With more than 84 million YouTube views since its launch on March 5, the “Kony 2012” campaign has garnered a whirlwind of both positive and negative media attention. However, few could have predicted the breakdown that took place last week on a high-traffic street corner in Pacific Beach.
Invisible Children co-founder Jason Russell, the face of the “Kony 2012” campaign, became the face of a media firestorm with sources ranging from The Los Angeles Times and broadcast news stations to entertainment programs such as TMZ and Access Hollywood. This has called into question the future of “Kony 2012.”
Rebecca Nee, assistant professor in the School of Journalism and Media Studies explained how students in her media technology in the global environment class reacted to “Kony 2012’s” initial popularity.
“My class is very interested in everything that’s gone on,” she said. “I polled my class and 75 percent of them heard about it on Facebook.”
It was clear social media played a central role in “Kony 2012’s” viral status, as immediate backlash against the video’s creators sparked a flood of social media responses.
“The controversy had an impact … celebrity retweets had an impact and then the mainstream media coverage (had an impact),” Nee said. “Those would be the three things that I would say really made this go viral.”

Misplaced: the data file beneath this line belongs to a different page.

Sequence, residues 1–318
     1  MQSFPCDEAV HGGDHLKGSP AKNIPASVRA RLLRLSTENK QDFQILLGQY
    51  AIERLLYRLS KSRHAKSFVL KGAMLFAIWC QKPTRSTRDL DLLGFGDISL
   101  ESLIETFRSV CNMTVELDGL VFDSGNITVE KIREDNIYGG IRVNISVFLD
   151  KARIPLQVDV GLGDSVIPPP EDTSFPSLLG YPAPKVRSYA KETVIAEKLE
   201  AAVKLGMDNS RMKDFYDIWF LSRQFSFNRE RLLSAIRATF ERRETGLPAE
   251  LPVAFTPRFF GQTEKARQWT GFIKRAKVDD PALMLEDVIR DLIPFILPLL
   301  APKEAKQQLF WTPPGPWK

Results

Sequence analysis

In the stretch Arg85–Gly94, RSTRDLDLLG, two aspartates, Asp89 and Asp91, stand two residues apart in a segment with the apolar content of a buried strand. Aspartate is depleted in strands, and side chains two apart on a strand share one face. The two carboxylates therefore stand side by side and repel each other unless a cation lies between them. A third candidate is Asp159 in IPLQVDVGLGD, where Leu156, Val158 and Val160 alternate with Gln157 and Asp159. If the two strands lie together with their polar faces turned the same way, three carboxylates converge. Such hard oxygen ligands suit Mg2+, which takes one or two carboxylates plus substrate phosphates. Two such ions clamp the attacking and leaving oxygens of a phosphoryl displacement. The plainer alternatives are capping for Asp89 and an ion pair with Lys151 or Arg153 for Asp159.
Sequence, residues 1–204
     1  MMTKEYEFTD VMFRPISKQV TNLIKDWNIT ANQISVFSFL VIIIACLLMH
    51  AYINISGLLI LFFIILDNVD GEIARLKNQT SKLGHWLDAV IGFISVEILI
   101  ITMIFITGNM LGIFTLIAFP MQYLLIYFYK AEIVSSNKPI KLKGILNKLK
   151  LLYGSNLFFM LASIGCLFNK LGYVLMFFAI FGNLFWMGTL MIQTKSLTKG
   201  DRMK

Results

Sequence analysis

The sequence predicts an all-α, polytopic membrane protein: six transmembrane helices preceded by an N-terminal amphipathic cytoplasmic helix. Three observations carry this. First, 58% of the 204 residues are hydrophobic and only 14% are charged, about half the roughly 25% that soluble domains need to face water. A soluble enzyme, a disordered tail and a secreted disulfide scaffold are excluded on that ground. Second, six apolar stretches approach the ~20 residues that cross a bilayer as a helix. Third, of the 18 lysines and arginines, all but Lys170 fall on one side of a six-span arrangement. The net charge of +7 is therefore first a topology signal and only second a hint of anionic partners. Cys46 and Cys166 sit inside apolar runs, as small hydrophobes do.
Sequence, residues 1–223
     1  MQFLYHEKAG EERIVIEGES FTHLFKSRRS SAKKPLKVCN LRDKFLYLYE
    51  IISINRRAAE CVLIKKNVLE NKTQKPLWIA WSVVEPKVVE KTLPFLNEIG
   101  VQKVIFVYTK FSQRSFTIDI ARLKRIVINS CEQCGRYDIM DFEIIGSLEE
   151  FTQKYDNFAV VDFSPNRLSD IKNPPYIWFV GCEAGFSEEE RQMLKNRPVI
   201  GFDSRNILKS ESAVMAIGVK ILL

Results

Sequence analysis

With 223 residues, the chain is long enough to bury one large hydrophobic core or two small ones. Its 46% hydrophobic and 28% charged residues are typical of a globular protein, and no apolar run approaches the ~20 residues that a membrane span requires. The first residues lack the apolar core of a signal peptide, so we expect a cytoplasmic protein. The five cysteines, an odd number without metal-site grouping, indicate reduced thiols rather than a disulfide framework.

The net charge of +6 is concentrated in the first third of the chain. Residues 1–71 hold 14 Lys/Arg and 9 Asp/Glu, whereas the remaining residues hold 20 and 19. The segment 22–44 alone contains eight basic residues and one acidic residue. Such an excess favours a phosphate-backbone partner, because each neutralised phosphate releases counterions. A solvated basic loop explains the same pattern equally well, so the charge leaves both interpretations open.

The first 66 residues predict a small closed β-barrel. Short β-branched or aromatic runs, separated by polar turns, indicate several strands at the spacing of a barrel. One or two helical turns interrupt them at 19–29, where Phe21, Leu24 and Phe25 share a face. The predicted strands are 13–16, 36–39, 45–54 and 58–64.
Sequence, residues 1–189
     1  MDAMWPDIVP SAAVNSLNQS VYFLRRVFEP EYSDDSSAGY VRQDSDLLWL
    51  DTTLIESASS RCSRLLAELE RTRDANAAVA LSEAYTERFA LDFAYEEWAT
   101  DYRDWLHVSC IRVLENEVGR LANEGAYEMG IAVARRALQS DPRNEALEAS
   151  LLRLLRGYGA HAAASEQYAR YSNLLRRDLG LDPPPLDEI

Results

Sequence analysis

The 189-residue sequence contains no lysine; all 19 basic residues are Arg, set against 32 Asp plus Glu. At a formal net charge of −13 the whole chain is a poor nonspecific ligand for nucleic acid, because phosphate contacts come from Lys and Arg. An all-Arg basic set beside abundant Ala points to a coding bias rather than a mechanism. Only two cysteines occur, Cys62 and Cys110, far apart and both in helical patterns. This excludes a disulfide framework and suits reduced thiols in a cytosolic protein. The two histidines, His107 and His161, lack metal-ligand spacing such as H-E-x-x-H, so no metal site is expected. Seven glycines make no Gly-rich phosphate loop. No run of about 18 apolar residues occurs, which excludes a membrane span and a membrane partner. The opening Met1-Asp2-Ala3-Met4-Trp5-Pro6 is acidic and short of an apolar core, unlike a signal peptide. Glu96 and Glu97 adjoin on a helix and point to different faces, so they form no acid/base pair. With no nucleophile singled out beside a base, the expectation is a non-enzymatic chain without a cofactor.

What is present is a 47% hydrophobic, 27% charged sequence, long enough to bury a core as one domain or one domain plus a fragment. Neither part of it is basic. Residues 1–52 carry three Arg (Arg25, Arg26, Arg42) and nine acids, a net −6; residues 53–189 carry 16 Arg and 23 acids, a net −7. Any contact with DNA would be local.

Last Friday, IC followers were baffled by how someone at the face of a crusade to bring good could mentally deteriorate in such a short period of time. The credibility of Russell’s ability to run a campaign diminished, leaving “Kony 2012” without a clear leader.
In a short survey collected from 63 upper-division San Diego State students from various courses of study, 71 percent of respondents said their opinion of the campaign stayed the same after Russell’s breakdown.
For years, IC has poured its efforts into awareness programs aimed to stop the use of child soldiers and child prostitution, and, with “Kony 2012,” utilized Russell as an inspirational poster child for good intentions. However, the Kony campaign is still in its early stages and its foundation is in the midst of being formed. Can the organization accomplish its original goals without Russell calling out marching orders?
In the same survey of upper-division SDSU students, 43 percent were sure the campaign could survive without Russell’s credibility because of the popularity and support the cause has already garnered, while 27 percent were unsure of the campaign’s future.
“I think that people supported the campaign from the beginning and still want to do something,” journalism junior Theresa Greene said. “But with everything that’s happened … I think people are so reluctant. It needs people in the forefront, generating support and being those speakers for it. I don’t think it can run on the initiative of average people. It won’t happen. Nothing happens like that.”
Though IC followers may still be inspired by the organization’s fundamental purpose, there is little precedent for the consequences of Russell’s meltdown. Only time will tell if the light shone on the tragedies in Uganda will be dimmed by the story of those who illuminated them.